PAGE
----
Stories you shouldn’t miss:
1. The Richmond City Council voted 5-2 to kill a plan for a massive Indian-run casino at Point Molate, saying the Guidiville Tribe of Pomo Indians had refused to address numerous problems with its proposal, the Chron and CoCo Times report. The council’s vote also came after Richmond voters soundly rejected a ballot advisory measure last November that asked if the casino should go forward. However, the tribe likely will sue the city to reinstate the project because it has spent millions developing it.
2. University of California tuition could double to $20,000 to $25,000 a year, Governor Jerry Brown warned yesterday, if Republicans continue to block his plan to put tax measures before voters, AP reports. Brown is still hoping to gain Republican votes in the legislature to put his tax proposals on the ballot — although he has abandoned plans for a June election and has decided against an initiative drive for November.
3. Vaughn Walker, the judge who overturned Proposition 8, the anti-gay-marriage law, said that he never considered recusing himself from the case because he is gay, the Chron reports. “If you thought a judge's sexuality, ethnicity, national origin (or) gender would prevent the judge from handling a case, that's a very slippery slope,” he told reporters yesterday.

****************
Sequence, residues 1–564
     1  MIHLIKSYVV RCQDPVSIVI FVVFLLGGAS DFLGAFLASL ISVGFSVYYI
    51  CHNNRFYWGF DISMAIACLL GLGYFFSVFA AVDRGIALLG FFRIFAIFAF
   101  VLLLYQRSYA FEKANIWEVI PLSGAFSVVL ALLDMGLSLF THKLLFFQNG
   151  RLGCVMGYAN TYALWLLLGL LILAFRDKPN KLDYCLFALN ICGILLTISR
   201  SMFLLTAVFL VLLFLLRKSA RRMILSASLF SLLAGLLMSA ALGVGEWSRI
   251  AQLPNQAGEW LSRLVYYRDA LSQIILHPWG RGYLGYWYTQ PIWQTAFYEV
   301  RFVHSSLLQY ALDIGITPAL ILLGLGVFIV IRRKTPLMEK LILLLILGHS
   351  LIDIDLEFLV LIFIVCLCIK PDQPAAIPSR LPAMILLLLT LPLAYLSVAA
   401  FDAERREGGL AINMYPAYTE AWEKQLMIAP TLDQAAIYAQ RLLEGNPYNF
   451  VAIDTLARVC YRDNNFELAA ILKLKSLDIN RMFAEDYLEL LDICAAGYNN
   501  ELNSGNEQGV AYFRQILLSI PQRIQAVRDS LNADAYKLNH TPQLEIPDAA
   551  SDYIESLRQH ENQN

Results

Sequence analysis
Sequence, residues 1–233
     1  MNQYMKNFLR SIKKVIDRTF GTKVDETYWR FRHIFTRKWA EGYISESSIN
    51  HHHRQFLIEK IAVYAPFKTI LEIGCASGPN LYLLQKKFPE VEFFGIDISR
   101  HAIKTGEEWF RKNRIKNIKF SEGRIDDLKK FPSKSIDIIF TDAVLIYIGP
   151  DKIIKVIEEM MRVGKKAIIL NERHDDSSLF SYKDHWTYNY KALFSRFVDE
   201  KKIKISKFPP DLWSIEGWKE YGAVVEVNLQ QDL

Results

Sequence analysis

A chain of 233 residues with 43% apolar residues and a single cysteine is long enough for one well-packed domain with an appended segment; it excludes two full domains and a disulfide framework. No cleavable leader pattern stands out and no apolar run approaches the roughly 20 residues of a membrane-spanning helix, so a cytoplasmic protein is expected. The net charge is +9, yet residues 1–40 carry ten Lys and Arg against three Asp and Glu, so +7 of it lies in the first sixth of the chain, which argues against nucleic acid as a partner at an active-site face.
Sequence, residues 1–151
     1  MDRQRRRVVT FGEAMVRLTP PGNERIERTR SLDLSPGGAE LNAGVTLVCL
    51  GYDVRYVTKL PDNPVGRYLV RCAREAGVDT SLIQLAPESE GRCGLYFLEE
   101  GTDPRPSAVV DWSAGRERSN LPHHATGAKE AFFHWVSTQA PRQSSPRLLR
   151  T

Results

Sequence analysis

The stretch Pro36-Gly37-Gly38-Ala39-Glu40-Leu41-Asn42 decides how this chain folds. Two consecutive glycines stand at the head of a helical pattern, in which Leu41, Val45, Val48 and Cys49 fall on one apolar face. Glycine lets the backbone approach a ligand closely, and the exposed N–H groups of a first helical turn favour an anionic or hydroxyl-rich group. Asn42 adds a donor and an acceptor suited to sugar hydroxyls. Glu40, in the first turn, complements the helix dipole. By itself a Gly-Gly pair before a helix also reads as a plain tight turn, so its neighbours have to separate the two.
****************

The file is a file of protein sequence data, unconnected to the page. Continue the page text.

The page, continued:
4. Barry Bonds’ defense team decided to not call a single witness to the stand, apparently because it’s confident that the prosecution has failed to prove that the ex-baseball star allegedly lied about his steroid use. Closing arguments are scheduled for today, California Watch and the Mercury News report.
5. Oakland Mayor Jean Quan is pushing forward with her proposal for a citywide parcel tax, the Chron reports. Quan is asking the city council to hold another meeting to reconsider calling for a special election so that voters can weigh-in on the tax measure after three councilmembers blocked the plan on Tuesday. The city may also have to call a special election if the council can’t agree on a replacement for City Attorney John Russo.
6. A federal government shutdown likely will prompt the closure of national parks throughout the country, including Yosemite National Park in California, California News Service reports. A meeting last night with President Obama, Democratic Senate leader Harry Reid, and Republican House Speaker John Boehner failed to produce a budget deal that would avoid a shutdown.
7. And Governor Brown has asked President Obama to declare a major disaster in six coastal areas, including Santa Cruz and Crescent City, to free up federal funds to help pay for the damage inflicted by last month’s tsunami, the Chron reports. The Santa Cruz Harbor suffered more than $26 million in damage.